Saturday, November 22, 2008

The Strange Case Of Hassan Diab, From "An Age Of Murder."

The evidence against Ottawa's Hassan Diab, now facing murder charges arising from the 1980 bombing of a Paris synagogue, looks a bit sketchy thus far. But whether Diab is guilty or innocent of the charges he faces, there might be something useful about the trial, to the extent that it casts some long overdue light on a period Jeffrey Herf describes as an "age of murder . . . a product of the intersection of antisemitism with left-wing radicalism."

Many may dispute the proposition that this age has truly passed - athough perhaps not that it has passed in its German phase - but here (and the whole thing here in .pdf), Herf bookends the period thus: Between the placement of a bomb by the "West Berlin Tupamaros" in that city's Jewish Community Center in 1969, and the 1992 attempt by the Rote Armee Fraktion to blow up a Budapest bus filled with Russian Jewish émigrés.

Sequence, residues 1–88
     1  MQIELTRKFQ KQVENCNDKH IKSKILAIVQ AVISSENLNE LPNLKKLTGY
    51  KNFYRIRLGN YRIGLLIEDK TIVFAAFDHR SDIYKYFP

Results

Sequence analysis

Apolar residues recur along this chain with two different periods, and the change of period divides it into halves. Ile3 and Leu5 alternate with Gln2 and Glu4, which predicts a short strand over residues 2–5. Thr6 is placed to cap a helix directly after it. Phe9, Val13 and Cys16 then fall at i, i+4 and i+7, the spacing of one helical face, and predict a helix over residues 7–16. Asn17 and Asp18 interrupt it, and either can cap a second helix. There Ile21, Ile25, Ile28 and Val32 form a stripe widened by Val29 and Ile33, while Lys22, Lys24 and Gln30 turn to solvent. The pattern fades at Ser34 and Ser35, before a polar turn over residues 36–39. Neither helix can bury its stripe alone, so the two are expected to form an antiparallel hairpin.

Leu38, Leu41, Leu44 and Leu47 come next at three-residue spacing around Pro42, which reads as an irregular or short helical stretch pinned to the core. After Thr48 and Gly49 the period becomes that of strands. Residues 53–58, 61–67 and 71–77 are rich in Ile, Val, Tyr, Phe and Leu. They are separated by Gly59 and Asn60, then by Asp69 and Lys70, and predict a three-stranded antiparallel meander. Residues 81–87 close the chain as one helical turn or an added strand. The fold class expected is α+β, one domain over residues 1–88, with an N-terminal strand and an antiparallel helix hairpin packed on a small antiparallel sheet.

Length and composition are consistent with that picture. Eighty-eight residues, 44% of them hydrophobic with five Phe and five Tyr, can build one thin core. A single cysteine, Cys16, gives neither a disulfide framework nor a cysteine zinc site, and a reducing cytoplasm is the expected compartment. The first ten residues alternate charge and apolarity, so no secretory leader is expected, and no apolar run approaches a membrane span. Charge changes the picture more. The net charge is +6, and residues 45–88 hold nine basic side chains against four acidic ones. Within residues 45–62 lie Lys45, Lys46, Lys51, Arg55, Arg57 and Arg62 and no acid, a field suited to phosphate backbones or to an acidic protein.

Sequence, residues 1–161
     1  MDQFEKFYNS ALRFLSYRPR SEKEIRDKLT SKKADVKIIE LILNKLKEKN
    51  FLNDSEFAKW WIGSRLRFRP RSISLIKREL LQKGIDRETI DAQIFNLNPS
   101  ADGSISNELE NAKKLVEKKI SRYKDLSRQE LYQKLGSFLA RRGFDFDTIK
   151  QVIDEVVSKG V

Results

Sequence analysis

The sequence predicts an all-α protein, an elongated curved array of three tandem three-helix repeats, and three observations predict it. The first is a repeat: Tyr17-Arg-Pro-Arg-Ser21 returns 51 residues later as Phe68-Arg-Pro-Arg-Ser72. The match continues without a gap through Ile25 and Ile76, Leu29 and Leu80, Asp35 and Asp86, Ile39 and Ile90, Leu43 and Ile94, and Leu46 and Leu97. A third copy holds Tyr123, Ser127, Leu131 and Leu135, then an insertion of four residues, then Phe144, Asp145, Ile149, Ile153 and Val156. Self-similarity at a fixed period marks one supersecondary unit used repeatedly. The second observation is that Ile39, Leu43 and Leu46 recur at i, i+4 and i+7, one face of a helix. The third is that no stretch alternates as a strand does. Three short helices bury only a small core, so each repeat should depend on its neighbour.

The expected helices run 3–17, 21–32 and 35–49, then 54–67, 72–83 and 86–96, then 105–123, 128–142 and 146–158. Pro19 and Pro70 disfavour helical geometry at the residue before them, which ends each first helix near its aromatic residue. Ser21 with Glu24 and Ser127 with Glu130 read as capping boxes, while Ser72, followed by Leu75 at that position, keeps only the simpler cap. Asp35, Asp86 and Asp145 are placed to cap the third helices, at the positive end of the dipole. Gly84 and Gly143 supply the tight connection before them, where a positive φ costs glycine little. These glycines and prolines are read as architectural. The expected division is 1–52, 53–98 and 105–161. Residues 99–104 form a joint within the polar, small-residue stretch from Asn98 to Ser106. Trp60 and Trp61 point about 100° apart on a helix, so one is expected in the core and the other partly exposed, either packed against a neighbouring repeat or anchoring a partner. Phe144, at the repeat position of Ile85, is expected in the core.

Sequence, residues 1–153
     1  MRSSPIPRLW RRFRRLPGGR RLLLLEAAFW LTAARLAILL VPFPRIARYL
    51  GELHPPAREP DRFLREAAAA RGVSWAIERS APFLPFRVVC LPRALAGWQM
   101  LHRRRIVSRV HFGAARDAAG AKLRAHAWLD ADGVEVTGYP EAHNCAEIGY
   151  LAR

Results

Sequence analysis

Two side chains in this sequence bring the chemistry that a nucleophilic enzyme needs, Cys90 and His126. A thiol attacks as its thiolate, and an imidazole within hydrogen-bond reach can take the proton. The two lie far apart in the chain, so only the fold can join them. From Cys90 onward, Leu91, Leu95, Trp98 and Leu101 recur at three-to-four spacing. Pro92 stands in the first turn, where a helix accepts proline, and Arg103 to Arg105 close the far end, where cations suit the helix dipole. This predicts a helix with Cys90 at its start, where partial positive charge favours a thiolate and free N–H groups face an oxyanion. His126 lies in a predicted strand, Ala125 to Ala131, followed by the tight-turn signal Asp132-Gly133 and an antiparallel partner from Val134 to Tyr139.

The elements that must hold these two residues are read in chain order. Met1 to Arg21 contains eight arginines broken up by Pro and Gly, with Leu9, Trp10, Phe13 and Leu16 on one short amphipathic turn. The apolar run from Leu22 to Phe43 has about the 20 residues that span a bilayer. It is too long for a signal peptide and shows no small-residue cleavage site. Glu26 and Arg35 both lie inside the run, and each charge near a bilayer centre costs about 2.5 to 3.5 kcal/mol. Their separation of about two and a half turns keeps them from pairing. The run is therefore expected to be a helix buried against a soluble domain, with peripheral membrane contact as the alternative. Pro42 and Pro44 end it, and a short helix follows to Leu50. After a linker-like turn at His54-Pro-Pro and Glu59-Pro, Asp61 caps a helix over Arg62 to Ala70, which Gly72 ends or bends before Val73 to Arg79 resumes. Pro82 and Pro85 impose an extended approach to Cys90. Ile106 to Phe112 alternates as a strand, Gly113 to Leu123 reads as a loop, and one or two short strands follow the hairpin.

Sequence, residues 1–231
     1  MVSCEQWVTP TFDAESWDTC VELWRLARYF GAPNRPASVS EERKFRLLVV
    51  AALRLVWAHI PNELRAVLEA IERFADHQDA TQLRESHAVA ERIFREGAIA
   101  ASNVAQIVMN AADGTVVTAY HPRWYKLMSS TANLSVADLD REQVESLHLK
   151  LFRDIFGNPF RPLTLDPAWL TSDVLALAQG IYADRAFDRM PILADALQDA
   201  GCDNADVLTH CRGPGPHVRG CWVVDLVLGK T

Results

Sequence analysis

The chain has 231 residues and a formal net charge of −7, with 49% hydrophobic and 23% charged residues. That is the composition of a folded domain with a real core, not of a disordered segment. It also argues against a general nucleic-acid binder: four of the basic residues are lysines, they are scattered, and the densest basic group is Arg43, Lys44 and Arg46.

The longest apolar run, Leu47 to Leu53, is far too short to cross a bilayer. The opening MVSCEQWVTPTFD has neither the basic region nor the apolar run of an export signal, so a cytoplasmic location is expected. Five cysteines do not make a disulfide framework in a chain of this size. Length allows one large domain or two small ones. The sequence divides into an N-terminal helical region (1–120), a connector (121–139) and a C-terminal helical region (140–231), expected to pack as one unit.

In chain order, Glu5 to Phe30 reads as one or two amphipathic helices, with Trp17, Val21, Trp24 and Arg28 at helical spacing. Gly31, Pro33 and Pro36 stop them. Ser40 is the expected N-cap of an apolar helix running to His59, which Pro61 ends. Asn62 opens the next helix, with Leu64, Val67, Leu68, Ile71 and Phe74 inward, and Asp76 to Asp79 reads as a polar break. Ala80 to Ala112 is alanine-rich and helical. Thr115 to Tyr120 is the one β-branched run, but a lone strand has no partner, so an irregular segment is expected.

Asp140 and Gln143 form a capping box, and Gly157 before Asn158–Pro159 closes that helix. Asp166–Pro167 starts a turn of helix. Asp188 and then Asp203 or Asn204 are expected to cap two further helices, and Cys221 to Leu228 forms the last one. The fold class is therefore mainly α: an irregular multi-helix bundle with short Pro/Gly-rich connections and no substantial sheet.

It's also illuminating to read Herf's essay alongside Mathias Kuntzel's arguments for situating the roots of contemporary Islamist Jew-hatred within the tradition of European fascist anti-semitism. For just one recent eruption of that classic, drooling pathology abroad in Arab society, here's a television interview with Syrian economist Sharif Mazloum, who traces the current global financial crisis back to the scheming of the Zionist lobby during Richard Nixon's presidency, the control of the world's gold supply by the Jews, and even further back, to the Zionist assassination of John F. Kennedy (peace be upon him).

The General, who pointed me to Herf's essay, also advises it be read alongside this.

Meanwhile, speaking of being squeezed between an arrogant disregard of history and certain parties with their fingers on nuclear buttons, I see this is the predicament in which the Irish Independent is placing Cork hurling manager Gerald McCarthy, which is wholly unrelated to all of the preceding, but amusing to notice nonetheless.


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